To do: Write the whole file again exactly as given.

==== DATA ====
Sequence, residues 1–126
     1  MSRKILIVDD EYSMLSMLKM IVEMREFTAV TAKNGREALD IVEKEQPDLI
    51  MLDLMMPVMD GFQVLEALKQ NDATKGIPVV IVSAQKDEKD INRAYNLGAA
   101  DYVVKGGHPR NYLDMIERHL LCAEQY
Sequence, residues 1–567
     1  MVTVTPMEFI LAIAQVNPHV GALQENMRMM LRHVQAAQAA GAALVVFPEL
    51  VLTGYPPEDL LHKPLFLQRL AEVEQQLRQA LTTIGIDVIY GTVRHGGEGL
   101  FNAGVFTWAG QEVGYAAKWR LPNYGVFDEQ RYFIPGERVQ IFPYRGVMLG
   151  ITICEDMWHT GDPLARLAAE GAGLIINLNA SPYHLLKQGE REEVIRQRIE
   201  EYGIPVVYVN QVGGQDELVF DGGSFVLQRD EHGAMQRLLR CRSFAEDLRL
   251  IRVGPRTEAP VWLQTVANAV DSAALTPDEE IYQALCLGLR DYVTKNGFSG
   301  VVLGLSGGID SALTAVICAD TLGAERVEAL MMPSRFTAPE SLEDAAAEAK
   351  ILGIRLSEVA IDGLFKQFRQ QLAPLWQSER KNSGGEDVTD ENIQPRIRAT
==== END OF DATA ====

Sequence, residues 1–126
     1  MSRKILIVDD EYSMLSMLKM IVEMREFTAV TAKNGREALD IVEKEQPDLI
    51  MLDLMMPVMD GFQVLEALKQ NDATKGIPVV IVSAQKDEKD INRAYNLGAA
   101  DYVVKGGHPR NYLDMIERHL LCAEQY
Sequence, residues 1–567
     1  MVTVTPMEFI LAIAQVNPHV GALQENMRMM LRHVQAAQAA GAALVVFPEL
    51  VLTGYPPEDL LHKPLFLQRL AEVEQQLRQA LTTIGIDVIY GTVRHGGEGL
   101  FNAGVFTWAG QEVGYAAKWR LPNYGVFDEQ RYFIPGERVQ IFPYRGVMLG
   151  ITICEDMWHT GDPLARLAAE GAGLIINLNA SPYHLLKQGE REEVIRQRIE
   201  EYGIPVVYVN QVGGQDELVF DGGSFVLQRD EHGAMQRLLR CRSFAEDLRL
   251  IRVGPRTEAP VWLQTVANAV DSAALTPDEE IYQALCLGLR DYVTKNGFSG
   301  VVLGLSGGID SALTAVICAD TLGAERVEAL MMPSRFTAPE SLEDAAAEAK
   351  ILGIRLSEVA IDGLFKQFRQ QLAPLWQSER KNSGGEDVTD ENIQPRIRAT